Have you heard the sound of 500 voices singing Christmas music as it resonates through the halls of Christiansen Hall of Music? How about the spirited renditions of Christmas hymns spilling out of the orchestra room every Monday, Wednesday and Friday? If you have missed out on these aural treats, then you surely have heard the ground shake as the 500 musicians make their way up to Stav Hall following Christmas Festival rehearsals.
Yes, the holiday season is now upon us, and renowned folk musician Sufjan Stevens has reminded us of that fact with his very recent release of Silver & Gold, a compilation of songs for the Christmas season. Some of you may look back fondly on 2006 – the year he released his previous holiday album, Songs for Christmas. If you are in that boat, then you are in luck. Sufjan’s new album has much the same character of his former compilation and takes even more liberty in his interpretations of classic Christmas tunes.
Stevens impressively creates a cohesive flow among popular tunes, hymns, medieval carols and original compositions. Among the highlights of the album is his rendition of the “Coventry Carol.” This piece was first performed in a 16th century mystery play based on the Gospel of Matthew and depicts the “Massacre of the Innocents,” the night in which King Herod ordered that all male infants in Bethlehem be killed. The carol is a mother’s lament, often performed by children’s choirs and recorder ensembles. Sufjan Stevens, however, sets the piece for a chorus of female voices and strings. The song opens with plucked strings playing the haunting melody in canon, which is then taken up by the women. They are later joined by the eerie and melancholy timbre of a singing saw. It is this choice that makes Sufjan’s rendition so effective: Clearly, the song is far removed from the 1500s but can still evoke an emotional response in its listeners.
It was a fine choice of the artist to incorporate little-known ancient music in his compilation, but in order to make it appealing, it must be balanced by recognizable tunes. Sufjan delivers: Various beloved hymns pop up on the album, one of the most innovative takes being of “Hark! The Herald Angels Sing.” The piece begins with a rag-tag choir of mixed voices, young and old, singing the Christmas classic. Gradually, the musician adds his characteristic spinning electronics and backbeat, turning the reliable old favorite into a fresh and off-kilter, wild piece of music.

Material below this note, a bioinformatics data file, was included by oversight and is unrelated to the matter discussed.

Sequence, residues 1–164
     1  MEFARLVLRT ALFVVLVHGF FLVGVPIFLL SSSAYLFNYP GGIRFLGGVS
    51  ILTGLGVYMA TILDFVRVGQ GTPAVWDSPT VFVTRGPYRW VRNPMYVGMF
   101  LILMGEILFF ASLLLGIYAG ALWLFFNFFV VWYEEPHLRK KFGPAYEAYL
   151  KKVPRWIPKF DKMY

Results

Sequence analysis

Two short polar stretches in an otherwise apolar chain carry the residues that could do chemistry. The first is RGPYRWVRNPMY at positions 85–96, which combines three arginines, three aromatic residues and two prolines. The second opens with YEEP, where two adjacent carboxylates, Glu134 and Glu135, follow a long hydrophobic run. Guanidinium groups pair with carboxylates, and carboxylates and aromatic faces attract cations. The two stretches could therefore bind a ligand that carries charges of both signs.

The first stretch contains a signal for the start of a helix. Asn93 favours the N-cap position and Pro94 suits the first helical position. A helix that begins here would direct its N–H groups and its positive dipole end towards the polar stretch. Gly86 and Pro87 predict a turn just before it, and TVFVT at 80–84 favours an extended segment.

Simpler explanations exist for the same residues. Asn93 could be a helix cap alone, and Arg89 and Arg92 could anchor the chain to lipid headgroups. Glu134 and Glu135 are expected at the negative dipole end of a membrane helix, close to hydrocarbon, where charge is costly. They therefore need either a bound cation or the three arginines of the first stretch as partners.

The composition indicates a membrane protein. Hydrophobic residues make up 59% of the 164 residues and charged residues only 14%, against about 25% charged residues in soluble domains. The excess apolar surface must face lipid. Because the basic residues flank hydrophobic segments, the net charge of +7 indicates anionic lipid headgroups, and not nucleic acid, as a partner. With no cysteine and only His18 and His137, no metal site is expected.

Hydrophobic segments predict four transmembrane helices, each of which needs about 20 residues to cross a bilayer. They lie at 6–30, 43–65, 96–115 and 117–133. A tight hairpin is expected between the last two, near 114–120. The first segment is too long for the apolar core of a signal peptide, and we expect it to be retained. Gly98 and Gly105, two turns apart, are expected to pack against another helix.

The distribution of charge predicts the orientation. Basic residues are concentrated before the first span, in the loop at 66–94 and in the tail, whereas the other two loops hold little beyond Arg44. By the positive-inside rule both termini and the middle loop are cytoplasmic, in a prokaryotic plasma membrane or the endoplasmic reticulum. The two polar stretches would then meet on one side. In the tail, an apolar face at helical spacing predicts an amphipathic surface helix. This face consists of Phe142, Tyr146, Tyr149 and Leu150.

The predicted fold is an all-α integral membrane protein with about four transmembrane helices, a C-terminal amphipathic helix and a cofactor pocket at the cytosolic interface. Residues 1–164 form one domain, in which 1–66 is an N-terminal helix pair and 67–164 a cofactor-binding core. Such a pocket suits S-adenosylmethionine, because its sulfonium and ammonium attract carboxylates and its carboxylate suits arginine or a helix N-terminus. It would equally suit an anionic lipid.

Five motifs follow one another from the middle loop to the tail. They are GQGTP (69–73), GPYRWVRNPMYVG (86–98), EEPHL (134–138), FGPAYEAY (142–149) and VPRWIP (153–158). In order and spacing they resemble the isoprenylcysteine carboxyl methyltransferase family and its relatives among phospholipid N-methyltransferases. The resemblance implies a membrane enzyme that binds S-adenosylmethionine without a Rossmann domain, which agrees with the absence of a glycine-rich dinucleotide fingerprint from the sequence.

On the topic of wild music, one cover on the album sets itself apart from the rest. “Alphabet” is a cover of Prince’s 1988 hit “Alphabet St.” Far from the original upbeat version, Sufjan’s rendering is digitized and funky and gives the listener the impression of being inside a Pacman machine with its 8-bit, antiphonal sounds and retro synthesizer lines. Although the song may in no way be relevant to the holiday season, it is an intriguing choice to throw it into the mix.
This Sufjan Stevens Christmas album would not be a Sufjan Stevens Christmas album without his own works. His whimsical character shines through on tracks such as “Ding-a-ling-a-ring-a-ling” – a lo-fi song about the birth of Jesus Christ featuring a children’s chorus and crashing, often violent, percussion. Memorable lyrics from this song include: “Jesus is the king-a-ling-a-ling-a-ling.”
Sufjan tops off his album with its final 13 minute-long track, an original piece entitled “Christmas Unicorn.” This song is exactly as its title makes it seem. Stevens identifies himself as a Christmas Unicorn over accompaniment typical of his minimalist style – strings, cute wind lines and electronics. There really could be no better way for him to end the journey across time that is Silver & Gold.